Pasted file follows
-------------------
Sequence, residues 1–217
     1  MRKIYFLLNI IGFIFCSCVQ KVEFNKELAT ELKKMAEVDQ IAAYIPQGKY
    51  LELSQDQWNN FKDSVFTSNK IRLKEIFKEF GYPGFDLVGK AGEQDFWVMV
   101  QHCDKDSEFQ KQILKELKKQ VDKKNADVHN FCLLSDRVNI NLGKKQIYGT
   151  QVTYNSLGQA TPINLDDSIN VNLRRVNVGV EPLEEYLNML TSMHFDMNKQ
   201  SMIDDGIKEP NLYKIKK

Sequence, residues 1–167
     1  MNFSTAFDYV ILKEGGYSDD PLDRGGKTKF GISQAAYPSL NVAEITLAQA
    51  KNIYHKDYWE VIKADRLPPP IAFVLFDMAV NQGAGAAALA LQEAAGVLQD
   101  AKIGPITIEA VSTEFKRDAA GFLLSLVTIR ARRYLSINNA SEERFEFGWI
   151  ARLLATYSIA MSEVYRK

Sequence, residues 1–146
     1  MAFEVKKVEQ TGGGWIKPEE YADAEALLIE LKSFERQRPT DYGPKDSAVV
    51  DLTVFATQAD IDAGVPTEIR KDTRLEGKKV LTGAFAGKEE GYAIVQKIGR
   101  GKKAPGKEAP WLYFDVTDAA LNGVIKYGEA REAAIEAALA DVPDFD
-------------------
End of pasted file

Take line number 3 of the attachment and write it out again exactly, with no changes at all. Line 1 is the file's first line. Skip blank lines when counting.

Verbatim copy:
    51  LELSQDQWNN FKDSVFTSNK IRLKEIFKEF GYPGFDLVGK AGEQDFWVMV